British Conservatives Face Three Structural Challenges
The United Kingdom’s Conservative Party has arguably been one of the most successful political parties in the Western world. It dominated British politics from 1886 to 1906, from 1918 to 1945, from 1951 to 1964 and from 1979 to 1997. It is now in government since 2010.
Yet, as the party assembles in Manchester this week for its annual conference, there is a sense of decline. Conservative membership is down. Brexit has cost them the youth vote. And the political landscape has shifted in Labour’s favor. Read more
Election Divides Kingdom as Parties Consolidate Their Base
There is still a lot to digest from last week’s British election. The promised Conservative landslide never materialized. Labour gained seats, including in affluent constituencies like Kensington that it won for the first time, but it also fell short of a majority. Theresa May remains in power but has been weakened. She must rely on the Democratic Unionist Party of Northern Ireland for a majority, which threatens to upset the delicate balance of power in Ulster.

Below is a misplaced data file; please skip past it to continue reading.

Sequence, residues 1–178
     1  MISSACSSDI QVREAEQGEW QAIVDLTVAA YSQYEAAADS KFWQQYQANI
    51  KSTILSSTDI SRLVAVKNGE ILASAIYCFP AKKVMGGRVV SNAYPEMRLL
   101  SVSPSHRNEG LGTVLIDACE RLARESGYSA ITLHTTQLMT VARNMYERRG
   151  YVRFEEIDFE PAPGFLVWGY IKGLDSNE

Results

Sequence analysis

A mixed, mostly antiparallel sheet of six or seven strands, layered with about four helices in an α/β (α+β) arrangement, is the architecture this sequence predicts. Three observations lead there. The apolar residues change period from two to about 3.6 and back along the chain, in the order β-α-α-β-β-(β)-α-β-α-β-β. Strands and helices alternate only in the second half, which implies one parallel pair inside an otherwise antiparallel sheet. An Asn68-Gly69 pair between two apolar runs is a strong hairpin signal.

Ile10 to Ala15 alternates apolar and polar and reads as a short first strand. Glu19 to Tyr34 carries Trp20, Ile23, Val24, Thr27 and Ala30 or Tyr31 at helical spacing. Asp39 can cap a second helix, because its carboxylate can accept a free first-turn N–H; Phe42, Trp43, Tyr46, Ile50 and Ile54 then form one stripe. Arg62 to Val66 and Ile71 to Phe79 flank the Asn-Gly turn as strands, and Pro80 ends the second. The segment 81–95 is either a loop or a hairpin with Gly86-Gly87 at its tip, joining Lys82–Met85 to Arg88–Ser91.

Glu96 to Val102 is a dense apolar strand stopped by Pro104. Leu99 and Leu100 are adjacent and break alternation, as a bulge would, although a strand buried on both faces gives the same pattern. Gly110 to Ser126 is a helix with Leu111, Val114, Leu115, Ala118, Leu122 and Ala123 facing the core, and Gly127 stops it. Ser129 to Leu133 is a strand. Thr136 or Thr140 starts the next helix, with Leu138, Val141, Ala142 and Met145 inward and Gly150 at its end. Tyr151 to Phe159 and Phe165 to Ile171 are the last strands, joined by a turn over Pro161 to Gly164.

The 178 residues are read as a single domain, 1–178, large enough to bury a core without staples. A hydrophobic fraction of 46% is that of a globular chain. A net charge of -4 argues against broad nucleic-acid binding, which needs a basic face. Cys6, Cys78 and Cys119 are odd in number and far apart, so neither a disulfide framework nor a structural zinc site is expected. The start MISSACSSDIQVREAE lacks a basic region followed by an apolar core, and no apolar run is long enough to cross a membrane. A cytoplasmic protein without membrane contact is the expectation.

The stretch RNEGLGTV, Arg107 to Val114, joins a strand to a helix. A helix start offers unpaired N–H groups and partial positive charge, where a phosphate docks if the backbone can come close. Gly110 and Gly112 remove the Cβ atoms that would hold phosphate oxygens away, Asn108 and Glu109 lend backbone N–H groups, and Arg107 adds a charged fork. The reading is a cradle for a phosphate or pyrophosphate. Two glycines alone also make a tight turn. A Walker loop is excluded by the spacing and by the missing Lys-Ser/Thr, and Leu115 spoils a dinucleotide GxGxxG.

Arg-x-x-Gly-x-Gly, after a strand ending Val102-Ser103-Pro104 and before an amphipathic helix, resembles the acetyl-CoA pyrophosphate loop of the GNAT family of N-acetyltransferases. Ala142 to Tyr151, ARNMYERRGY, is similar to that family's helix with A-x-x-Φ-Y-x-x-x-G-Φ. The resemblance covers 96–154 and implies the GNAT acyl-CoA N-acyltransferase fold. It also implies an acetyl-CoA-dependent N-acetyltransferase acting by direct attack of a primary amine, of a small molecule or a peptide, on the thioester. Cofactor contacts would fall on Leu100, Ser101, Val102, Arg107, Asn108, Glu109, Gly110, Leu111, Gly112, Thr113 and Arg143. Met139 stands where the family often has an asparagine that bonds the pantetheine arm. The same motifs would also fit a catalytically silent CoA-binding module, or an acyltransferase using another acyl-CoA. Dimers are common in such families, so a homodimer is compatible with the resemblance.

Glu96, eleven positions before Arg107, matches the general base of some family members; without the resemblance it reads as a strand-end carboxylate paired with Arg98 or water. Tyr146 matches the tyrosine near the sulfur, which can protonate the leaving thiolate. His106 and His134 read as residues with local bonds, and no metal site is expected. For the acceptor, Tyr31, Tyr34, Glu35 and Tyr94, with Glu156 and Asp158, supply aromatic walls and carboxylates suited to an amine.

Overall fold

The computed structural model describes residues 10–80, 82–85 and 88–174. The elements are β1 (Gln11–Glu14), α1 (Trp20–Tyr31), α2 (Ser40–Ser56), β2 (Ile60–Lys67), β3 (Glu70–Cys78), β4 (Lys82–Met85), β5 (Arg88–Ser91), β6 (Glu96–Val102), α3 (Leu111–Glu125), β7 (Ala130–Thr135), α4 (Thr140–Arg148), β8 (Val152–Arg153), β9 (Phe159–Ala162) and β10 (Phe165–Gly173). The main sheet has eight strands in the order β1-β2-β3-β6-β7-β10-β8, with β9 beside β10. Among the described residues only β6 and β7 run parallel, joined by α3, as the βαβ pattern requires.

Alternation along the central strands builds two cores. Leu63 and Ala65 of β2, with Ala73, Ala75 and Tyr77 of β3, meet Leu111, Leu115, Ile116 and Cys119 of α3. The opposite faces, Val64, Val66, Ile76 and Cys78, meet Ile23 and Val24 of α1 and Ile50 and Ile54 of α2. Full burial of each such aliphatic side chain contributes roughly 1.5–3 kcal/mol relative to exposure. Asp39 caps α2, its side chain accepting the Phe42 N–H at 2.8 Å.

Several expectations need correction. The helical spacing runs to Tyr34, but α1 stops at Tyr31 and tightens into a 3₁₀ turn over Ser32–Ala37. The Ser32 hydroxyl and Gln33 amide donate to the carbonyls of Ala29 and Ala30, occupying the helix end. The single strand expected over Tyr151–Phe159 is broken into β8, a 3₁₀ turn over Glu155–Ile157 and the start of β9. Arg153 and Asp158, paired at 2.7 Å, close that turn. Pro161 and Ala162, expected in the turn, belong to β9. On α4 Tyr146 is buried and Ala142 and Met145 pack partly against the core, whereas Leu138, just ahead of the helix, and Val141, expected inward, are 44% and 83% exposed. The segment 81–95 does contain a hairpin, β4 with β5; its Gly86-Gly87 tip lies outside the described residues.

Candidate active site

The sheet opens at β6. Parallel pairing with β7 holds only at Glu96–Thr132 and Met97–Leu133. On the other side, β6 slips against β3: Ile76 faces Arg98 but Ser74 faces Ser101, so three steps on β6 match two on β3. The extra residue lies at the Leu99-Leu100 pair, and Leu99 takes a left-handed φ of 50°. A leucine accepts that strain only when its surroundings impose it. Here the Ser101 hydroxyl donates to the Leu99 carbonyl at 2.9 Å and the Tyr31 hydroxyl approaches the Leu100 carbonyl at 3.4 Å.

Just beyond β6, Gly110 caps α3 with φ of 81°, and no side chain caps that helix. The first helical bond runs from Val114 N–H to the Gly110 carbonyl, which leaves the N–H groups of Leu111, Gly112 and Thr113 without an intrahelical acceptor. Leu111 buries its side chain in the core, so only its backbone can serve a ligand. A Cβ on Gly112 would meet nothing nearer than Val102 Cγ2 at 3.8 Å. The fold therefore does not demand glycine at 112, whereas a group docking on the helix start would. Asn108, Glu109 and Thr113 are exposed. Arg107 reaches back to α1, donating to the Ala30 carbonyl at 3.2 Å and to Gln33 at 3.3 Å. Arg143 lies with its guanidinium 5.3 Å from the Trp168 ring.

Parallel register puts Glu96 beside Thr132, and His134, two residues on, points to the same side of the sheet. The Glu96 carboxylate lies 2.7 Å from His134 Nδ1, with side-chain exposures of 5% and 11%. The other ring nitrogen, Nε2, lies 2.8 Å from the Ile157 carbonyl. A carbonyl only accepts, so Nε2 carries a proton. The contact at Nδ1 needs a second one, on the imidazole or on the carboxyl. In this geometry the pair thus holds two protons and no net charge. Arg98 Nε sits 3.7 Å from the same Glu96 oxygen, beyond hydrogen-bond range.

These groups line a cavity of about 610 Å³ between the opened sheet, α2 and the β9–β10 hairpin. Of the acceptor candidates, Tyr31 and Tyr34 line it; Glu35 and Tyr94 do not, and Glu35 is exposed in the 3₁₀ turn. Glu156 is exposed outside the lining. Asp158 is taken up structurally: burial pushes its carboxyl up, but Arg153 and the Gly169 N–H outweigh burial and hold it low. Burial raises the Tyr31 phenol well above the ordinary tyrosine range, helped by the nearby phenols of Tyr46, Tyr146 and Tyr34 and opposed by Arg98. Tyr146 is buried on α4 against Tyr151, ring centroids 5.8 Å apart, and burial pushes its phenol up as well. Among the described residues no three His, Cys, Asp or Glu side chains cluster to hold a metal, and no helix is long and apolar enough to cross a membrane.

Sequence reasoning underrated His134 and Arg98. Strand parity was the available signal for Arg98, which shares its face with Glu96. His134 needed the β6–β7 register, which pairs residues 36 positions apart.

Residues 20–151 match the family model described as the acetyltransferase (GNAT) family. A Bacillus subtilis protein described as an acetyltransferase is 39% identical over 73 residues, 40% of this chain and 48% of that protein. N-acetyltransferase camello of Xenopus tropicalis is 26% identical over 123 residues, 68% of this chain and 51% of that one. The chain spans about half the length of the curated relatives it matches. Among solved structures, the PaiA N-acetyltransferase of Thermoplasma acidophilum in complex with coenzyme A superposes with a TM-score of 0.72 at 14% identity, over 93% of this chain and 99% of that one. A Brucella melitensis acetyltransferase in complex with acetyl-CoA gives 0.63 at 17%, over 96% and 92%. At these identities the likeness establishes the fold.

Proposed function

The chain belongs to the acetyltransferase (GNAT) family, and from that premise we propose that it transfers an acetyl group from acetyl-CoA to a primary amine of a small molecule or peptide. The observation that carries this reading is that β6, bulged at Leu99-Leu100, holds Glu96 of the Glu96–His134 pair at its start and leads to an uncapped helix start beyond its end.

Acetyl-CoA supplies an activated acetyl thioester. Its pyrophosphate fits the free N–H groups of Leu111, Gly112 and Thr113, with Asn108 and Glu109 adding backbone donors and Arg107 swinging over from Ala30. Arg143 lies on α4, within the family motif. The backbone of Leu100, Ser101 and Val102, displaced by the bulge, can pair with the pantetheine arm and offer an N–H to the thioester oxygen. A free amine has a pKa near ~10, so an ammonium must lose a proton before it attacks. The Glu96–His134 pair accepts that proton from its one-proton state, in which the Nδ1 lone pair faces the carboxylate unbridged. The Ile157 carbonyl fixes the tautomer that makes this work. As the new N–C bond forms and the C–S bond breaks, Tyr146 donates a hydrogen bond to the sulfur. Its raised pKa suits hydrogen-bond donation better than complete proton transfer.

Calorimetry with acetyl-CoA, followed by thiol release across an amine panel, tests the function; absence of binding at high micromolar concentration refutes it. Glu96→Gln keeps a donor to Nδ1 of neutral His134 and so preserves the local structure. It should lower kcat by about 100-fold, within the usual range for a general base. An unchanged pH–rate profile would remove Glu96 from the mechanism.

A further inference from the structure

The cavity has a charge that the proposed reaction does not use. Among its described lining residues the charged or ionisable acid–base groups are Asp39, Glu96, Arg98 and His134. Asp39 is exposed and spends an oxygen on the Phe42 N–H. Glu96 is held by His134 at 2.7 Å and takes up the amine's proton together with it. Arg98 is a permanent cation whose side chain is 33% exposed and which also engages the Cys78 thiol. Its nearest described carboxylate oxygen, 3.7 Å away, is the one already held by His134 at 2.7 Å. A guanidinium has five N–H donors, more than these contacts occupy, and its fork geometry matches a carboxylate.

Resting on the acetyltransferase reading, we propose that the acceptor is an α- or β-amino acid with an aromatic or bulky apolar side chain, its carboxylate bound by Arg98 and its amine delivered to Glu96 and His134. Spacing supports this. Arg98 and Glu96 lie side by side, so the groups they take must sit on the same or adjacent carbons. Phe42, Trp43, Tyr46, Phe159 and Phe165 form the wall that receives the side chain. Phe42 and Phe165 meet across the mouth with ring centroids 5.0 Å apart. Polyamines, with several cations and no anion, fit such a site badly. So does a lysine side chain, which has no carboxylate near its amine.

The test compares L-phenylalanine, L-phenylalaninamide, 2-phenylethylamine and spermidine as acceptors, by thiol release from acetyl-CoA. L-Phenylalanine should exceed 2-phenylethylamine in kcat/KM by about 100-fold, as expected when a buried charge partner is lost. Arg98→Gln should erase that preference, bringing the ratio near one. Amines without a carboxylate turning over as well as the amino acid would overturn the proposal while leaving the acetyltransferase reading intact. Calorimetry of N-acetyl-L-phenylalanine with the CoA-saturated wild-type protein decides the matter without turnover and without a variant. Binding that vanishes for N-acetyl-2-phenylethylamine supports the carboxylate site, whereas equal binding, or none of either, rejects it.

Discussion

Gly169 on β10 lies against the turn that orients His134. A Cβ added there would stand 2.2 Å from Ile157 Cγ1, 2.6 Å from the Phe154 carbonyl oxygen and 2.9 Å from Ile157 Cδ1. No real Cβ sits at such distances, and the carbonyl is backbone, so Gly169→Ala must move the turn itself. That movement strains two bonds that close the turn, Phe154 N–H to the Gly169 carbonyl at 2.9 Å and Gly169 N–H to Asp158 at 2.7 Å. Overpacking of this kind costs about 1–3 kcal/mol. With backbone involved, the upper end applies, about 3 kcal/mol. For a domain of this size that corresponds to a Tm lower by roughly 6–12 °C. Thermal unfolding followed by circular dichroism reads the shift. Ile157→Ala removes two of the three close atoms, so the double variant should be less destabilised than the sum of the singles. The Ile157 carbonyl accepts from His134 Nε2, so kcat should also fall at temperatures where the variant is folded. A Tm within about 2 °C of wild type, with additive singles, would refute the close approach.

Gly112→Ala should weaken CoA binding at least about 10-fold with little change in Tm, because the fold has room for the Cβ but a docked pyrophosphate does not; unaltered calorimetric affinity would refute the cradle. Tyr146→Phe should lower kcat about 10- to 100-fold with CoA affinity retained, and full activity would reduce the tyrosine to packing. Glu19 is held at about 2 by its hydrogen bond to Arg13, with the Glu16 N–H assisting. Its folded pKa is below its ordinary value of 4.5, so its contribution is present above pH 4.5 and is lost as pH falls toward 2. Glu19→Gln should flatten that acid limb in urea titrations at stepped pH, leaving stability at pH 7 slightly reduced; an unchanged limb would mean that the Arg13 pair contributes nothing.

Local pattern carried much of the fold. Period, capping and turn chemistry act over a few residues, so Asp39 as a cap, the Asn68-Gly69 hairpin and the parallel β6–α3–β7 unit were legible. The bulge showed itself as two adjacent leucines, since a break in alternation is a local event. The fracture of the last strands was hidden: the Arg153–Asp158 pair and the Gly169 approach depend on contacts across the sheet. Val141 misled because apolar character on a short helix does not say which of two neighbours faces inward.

We can nevertheless say two things with certainty:
The trends spotted in last year’s Brexit vote are accelerating.
The new poles in British politics are consolidating and that leaves the center wide open. Read more
British See French Election Through Prism of Own Politics
While we in United Kingdom do not have a vote in today’s presidential runoff, the election in France has dominated conversation and news. Which is somewhat remarkable, given the state of Britain’s own politics. Read more
British Liberal Democrat Revival Starts to Look More Likely
After they formed a coalition government with the Conservatives in 2010, Britain’s Liberal Democrats only lost elections — local, mayoral and national.
The low point came in May 2015, when the party lost 49 of its 57 seats in the House of Commons. Big names, like Danny Alexander and Vince Cable, were voted out. Liberal strongholds across South West England simply vanished.
Liberals have talked up a “LibDem revival” since that dismal election result and commentators have dismissed it as sheer optimism.
But could there be something to it after all? Read more